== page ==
Digging Deep For Answers

Soil pits can help no-tillers answer questions about crop development, compaction and soil quality.

Three experienced scientists say soil pits are another tool no-tillers can use to examine soil structure, root development, compaction, soil quality and other important agronomical issues.

These pits might even reveal information that wouldn’t be obvious through soil tests, making it easier for no-tillers to solve yield-robbing problems.

“They can see if there were many shallow roots if the soils were wet,” says Mike Petersen, Orthman Mfg. Co.’s agronomist. “How deep did the corn roots go? Did the corn roots go down deeper when it was dry in August and September? How did the corn finish?

“A soil pit can also tell you about seed placement, and whether the corn extracted moisture late in the season so the crop could finish well,” he adds. “The difference between extracting the moisture from deep in the soil can be 150 bushels per acre vs. 200 bushels per acre.”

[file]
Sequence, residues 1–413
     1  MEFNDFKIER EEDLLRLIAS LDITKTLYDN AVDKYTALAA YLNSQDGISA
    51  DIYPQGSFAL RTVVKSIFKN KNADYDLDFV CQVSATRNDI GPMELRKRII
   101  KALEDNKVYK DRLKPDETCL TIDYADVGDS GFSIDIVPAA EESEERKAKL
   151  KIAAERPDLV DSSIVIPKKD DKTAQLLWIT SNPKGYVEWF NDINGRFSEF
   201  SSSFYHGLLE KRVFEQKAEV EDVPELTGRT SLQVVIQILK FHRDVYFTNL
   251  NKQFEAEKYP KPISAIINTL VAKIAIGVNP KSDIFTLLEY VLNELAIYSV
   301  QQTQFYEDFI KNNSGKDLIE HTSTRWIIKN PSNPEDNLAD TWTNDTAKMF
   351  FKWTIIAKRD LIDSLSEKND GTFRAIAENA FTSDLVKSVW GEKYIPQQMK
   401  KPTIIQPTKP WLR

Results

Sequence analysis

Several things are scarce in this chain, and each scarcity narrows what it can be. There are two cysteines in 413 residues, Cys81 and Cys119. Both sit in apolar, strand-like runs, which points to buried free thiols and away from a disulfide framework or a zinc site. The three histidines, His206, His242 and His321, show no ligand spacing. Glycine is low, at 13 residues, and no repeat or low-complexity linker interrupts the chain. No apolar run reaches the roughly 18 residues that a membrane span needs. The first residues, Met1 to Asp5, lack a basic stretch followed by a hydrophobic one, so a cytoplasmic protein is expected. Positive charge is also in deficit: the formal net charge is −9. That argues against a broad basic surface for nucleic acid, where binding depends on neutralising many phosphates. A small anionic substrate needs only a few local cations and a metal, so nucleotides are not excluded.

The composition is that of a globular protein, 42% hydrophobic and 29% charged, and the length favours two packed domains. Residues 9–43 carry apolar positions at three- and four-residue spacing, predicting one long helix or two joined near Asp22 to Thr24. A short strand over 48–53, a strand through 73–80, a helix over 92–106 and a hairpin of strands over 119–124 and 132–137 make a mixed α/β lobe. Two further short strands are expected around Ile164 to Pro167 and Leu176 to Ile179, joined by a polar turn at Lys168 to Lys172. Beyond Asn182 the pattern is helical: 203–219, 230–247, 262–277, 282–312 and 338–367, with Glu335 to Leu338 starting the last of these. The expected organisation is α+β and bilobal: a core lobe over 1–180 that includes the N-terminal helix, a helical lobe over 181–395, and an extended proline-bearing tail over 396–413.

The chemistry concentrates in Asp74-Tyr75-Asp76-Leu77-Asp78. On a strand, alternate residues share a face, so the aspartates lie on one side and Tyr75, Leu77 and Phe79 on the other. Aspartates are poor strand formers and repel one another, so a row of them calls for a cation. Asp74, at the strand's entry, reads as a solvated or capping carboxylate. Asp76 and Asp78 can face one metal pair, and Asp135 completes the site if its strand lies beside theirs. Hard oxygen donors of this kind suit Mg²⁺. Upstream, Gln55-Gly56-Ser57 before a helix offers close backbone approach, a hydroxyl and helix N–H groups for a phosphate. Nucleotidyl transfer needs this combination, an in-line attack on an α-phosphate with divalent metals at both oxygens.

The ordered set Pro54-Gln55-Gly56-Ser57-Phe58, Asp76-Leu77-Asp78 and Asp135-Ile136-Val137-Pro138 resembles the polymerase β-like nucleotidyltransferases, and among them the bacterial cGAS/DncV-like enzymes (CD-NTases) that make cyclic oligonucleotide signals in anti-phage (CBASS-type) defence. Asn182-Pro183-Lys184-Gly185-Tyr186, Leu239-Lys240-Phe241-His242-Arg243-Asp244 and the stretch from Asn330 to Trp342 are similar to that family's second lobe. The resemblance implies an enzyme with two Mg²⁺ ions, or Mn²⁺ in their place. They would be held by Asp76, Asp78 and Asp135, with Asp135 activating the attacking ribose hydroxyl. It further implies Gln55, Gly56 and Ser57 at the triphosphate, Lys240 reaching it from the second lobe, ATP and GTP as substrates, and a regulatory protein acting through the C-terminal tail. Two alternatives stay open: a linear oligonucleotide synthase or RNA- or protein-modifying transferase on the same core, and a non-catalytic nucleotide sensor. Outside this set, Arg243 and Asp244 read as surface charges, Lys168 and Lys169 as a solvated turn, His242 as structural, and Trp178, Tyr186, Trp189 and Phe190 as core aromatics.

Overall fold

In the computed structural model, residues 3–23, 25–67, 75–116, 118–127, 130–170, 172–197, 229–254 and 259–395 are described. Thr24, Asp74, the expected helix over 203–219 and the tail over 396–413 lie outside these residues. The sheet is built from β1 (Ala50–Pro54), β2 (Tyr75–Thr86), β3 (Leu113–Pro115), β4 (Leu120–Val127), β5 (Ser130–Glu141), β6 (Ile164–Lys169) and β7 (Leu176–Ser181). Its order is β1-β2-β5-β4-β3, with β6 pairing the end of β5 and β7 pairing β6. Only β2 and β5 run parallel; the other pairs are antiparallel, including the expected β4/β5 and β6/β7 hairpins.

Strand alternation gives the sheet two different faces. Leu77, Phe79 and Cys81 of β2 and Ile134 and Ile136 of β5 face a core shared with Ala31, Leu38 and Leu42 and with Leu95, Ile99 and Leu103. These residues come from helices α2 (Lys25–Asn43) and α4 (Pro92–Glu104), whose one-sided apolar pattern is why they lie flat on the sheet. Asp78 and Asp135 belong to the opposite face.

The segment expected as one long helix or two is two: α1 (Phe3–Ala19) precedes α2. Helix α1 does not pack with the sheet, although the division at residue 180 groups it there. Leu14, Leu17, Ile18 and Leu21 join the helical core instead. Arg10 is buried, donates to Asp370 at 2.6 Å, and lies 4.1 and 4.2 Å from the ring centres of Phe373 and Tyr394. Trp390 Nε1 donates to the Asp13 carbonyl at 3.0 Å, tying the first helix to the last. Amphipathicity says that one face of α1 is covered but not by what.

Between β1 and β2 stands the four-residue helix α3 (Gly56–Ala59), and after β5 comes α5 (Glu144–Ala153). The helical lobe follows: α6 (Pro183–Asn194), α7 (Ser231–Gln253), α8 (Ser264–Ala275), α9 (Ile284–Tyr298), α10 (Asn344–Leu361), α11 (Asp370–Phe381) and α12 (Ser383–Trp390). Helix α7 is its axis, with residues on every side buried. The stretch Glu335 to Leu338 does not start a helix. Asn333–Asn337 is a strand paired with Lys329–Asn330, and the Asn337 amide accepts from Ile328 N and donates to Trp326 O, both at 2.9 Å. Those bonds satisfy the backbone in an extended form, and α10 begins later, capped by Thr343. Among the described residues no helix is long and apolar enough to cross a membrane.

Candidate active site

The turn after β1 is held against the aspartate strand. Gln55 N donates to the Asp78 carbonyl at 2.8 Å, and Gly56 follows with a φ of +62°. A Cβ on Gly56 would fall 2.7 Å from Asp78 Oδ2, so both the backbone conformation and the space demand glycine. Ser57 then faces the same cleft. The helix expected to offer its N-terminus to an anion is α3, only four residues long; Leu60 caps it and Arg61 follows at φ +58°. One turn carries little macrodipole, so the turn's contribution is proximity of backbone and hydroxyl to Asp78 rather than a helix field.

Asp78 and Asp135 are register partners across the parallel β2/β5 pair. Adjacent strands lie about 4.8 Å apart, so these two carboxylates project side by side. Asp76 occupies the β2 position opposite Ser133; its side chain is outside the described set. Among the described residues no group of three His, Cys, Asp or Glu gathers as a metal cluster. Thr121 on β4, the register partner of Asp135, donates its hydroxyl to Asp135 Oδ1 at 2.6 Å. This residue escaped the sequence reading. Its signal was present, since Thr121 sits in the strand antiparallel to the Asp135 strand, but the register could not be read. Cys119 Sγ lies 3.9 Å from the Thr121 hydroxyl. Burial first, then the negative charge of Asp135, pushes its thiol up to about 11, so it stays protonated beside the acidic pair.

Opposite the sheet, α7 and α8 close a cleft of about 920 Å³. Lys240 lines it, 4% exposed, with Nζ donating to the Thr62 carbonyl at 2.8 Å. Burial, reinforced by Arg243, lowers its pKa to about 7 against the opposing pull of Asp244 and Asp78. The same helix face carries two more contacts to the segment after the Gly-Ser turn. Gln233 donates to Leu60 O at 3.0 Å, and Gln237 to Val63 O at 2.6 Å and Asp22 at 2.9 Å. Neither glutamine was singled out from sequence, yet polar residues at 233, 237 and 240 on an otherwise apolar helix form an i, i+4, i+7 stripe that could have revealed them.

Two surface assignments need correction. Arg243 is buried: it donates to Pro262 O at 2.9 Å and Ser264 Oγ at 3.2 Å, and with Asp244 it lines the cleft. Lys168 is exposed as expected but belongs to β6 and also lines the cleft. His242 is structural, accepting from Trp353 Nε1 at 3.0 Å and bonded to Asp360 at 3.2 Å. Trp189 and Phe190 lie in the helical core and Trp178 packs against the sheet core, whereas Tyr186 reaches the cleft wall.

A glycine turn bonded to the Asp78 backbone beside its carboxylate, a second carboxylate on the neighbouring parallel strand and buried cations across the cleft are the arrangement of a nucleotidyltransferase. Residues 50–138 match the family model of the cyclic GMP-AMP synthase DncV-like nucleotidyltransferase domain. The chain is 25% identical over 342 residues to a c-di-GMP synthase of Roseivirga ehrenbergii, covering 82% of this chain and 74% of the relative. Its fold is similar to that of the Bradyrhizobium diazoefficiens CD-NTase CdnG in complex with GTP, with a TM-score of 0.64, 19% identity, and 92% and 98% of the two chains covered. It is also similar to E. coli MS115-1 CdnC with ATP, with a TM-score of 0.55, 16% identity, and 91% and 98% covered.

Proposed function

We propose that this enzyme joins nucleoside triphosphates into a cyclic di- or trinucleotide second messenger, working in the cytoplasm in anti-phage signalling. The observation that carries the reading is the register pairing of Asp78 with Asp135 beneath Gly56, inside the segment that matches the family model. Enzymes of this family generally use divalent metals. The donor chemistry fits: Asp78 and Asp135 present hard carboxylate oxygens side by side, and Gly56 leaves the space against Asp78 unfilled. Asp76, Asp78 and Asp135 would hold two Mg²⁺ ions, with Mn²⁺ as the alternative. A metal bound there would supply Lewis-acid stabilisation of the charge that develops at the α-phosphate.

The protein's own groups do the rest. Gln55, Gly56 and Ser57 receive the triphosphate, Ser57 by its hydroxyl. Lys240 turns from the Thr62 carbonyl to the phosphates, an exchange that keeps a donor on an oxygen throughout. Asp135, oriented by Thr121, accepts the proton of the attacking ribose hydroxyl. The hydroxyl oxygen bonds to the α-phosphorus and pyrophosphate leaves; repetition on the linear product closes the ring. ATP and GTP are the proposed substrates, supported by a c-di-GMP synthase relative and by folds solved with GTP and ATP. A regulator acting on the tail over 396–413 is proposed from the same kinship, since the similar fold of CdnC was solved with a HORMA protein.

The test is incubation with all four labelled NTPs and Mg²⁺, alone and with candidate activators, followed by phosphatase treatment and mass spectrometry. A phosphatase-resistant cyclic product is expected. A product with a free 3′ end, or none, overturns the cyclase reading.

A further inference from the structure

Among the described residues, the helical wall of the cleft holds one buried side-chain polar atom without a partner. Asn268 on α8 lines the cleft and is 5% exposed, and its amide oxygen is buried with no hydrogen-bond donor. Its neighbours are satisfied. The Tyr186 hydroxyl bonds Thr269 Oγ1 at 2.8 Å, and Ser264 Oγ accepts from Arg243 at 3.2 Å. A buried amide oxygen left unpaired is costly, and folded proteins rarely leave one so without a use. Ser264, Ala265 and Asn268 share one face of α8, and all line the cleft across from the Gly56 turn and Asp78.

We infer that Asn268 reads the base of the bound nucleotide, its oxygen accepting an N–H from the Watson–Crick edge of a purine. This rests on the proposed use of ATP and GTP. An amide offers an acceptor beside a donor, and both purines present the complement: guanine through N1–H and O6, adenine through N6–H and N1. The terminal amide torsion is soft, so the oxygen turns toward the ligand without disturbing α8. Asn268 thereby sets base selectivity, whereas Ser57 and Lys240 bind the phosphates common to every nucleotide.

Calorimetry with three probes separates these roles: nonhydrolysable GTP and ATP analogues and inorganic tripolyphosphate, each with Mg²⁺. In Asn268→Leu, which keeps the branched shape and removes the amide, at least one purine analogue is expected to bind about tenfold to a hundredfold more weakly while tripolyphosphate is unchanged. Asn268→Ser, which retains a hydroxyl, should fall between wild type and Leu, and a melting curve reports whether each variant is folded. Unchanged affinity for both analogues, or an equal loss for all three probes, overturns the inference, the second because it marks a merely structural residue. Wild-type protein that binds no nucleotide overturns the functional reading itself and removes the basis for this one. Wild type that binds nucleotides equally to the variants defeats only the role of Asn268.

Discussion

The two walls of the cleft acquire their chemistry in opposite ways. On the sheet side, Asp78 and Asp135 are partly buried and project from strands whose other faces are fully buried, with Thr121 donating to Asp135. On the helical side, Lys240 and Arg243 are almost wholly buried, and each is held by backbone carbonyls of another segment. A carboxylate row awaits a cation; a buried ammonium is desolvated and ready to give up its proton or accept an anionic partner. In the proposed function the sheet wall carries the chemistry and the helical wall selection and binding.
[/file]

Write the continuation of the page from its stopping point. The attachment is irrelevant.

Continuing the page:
Jodi DeJong-Hughes, University of Minnesota Extension crops and soils educator,
says soil pits allow growers to assess the impact of management practices in a way that might not be possible with soil tests.

“These impacts — particularly compaction — will show up in root-resistance areas,” DeJong-Hughes says. “With a knife, dig across the top layer of soil in the pit. If there is good soil structure, the soil should fall off in your hand. Wheel traffic will show up as a U-shaped impression about 8 inches below the surface.”

Petersen recommends digging a soil pit at least 150 to 200 feet into a field…

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Zinkand dan

Dan Zinkland

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